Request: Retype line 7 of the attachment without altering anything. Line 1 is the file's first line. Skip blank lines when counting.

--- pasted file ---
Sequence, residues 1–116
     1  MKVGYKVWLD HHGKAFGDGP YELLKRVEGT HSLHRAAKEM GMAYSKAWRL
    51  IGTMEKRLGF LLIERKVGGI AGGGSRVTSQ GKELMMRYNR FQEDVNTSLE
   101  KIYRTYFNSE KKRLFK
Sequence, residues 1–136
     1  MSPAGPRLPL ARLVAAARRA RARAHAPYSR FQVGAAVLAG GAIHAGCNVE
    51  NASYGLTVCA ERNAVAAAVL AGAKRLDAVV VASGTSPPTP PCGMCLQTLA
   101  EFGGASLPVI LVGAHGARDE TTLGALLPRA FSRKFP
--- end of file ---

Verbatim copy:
    51  NASYGLTVCA ERNAVAAAVL AGAKRLDAVV VASGTSPPTP PCGMCLQTLA